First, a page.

Winter is coming: The Arab Church needs us


Winter is coming.

These three words really have no practical meaning when you have a roof over your head, a designer coat, new jeans and a pair of boots made of genuine leather.

But imagine with me for a moment. Forget your coffee and your closet full of winter clothes. All you have is the shirt on your back, the outfit you had on when you were forced out of your home at 1 a.m., running to escape genocide.

That is life for the nearly one million displaced Christians in Northern Iraq. We cannot allow physical distance or theological differences to silence the urgent call for help. This is a threat to human rights on an international scale, and it affects everyone.

Johnnie Moore, chief of staff for Hollywood producers Mark Burnett and Roma Downey, just returned from a trip to Iraq and Jordan, assessing the plight of the Christian Church in the embattled region.

“(The situation) is every bit as bad as I expected,” Moore told me.

Many of the Orthodox Christians feel abandoned and forgotten by the West. Moore described them feeling as if the only time the Western Church cares is when they are trying to convert them to Evangelicalism.

“Christians were everywhere — on the streets, in abandoned buildings, in canvas tents that are not waterproof or winterized,” Moore wrote in a press release of his trip to Iraqi Kurdistan and Jordan. “Having survived eradication by terror groups (ISIS), they now might die naturally from the coming harsh winter.”

I would put the survival of the Arab Christians in the non-negotiable list. After running from their homelands to escape genocidal attacks from Islamic radicals, we cannot allow these people to perish. We privileged Christians so quickly forget that our faith has its roots buried deep in the mountains of the Middle Eastern world.

Burnett and Downey, two of Hollywood’s most outspoken Christians, are partnering with the Institute for Global Engagement (IGE) to raise $25 million to help these Christians and other minorities in Iraq and Syria. According to the United Nations, 800,000 people in the area urgently need shelter, and 2.8 million are desperately seeking food.

“To lose the presence of Christians in the birthplace of Christianity is to accelerate instability, while losing precious insight about how best to work in the region,” IGE Director Chris Seiple, who accompanied Moore in Iraq, wrote in the announcement of the Cradle of Christianity Fund. “With the region on the brink, a strategy to rescue, restore and return fleeing Christians is not only the right thing to do, it is in everyone’s interest to do so.”

Winter is coming, so we must move now. And we cannot move alone.

Moore and Seiple met with King Abdullah II of Jordan and the patriarchs of the historic Eastern churches in the region. The Muslim leader is recognized as a direct descendant of Mohammed, so his insistence that Christians are crucial to the identity, stability and well being of Jordan is a big deal.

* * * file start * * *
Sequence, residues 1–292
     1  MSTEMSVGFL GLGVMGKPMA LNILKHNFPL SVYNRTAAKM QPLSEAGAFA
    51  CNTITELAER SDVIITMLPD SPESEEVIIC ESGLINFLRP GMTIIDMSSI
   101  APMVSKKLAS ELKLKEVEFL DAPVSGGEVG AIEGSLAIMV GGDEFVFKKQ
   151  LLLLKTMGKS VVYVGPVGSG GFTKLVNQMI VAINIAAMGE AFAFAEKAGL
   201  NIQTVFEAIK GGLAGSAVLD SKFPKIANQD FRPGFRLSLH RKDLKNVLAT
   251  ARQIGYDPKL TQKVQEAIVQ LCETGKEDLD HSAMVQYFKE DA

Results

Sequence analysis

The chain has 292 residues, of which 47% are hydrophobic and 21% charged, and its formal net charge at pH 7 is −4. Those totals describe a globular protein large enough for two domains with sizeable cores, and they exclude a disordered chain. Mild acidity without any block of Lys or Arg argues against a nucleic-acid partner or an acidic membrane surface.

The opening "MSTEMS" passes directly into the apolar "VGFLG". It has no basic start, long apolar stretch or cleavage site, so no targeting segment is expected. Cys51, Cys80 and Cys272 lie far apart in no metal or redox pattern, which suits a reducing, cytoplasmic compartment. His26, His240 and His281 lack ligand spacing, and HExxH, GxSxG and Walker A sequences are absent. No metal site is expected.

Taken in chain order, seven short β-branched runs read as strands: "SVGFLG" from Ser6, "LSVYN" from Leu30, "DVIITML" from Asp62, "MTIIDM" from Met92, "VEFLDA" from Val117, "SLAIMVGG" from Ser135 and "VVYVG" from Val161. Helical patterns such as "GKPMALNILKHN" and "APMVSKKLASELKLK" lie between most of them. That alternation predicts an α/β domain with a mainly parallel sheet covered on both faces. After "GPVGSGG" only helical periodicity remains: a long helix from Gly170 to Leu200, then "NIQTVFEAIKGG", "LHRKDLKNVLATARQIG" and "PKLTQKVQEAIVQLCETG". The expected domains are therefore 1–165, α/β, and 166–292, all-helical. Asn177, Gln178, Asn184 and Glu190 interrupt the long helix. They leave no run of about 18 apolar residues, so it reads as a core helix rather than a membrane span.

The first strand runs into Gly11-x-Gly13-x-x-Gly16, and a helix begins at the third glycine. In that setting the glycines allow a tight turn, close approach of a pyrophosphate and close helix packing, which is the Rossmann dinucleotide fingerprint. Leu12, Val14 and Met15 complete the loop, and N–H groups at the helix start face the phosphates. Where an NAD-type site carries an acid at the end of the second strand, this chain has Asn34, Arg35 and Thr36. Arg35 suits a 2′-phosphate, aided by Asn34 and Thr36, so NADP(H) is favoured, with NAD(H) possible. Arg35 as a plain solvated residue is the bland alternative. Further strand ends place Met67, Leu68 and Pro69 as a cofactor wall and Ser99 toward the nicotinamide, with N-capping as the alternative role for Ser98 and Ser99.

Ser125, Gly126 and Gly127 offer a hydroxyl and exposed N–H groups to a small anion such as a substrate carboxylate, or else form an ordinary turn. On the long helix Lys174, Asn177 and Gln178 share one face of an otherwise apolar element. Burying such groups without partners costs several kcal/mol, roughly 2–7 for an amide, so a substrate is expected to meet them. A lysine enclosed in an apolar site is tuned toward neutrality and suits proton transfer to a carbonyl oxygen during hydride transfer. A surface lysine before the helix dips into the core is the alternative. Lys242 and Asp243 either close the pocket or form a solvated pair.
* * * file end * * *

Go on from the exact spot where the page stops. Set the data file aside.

It is a big deal for the persecuted minorities in the Middle East.

It is a big deal, because Burnett, Downey, Moore and Seiple are not allowing their theological differences to deny help to those in need.

It is a big deal because, according to the UN, they admittedly will only be meeting the needs of 40 percent of the displaced minorities.

In his announcement of the $25-million plan, Seiple wrote that the partnership will honor God, include all demographics in a non-proselytizing way and seek the involvement of regional leaders.

The world is enormous, and the problems we face are expansive. To confine ourselves to working only with those we agree with is shortsighted, to say the least.

The fund, to which Burnett and Downey have already donated $1 million, is exactly what the Western Church needs to be doing — working with the majority of people to help the minorities, the persecuted, the forgotten and the abandoned.

“Donations will go through the churches directly to those who need it the most, and primarily through the Ancient Churches,” Moore said of how the partnership with Abdullah will work. “They know their communities best — where they are and their needs. We will also work to identify and vet other partners as we go.”

Partnership with those in the region is the only real way to solve this. They have the know-how and the relationships. All they need is the resources. With the help of Muslim, Christian and nonreligious allies, the collaborative effort will include three phases — “rescue, restore and return.”

The rescue phase will pour money into Iraqi and Syrian churches that best know how to identify and meet the needs of the native people, and it will provide winterized shelter. At the same time, the second phase, “restore,” will begin. A small amount of money will be designated to establish a center to hold records of wrongs committed against Christians and other minorities, while also housing stories of hope, redemption and partnership between Christians and Muslims.

The third phase, “return,” will aim to “rebuild multi-faith communities of citizens under a consensus constitution,” according to IGE’s strategy. The long-term goal is to facilitate reintegration once the region is secure. Ideally, moving the native Christians back to their homeland, to “maintain a Christian witness and religious diversity in the region.”

For today, winter is coming and Burnett and Downey wanted to act.

“(They) wanted to do something for religious freedom now — focused on the plight of Christians, but serving people of all faiths (or no faith),” Seiple wrote of the producers’ passion for the displaced minorities.

This is a crossroads for Christianity. A crossroads that cannot be ignored. A crossroads that is going to take everyone to solve.

“Things are very urgent,” Moore said. “We have to move fast. Winter is coming. This week’s rain will soon be snow.”

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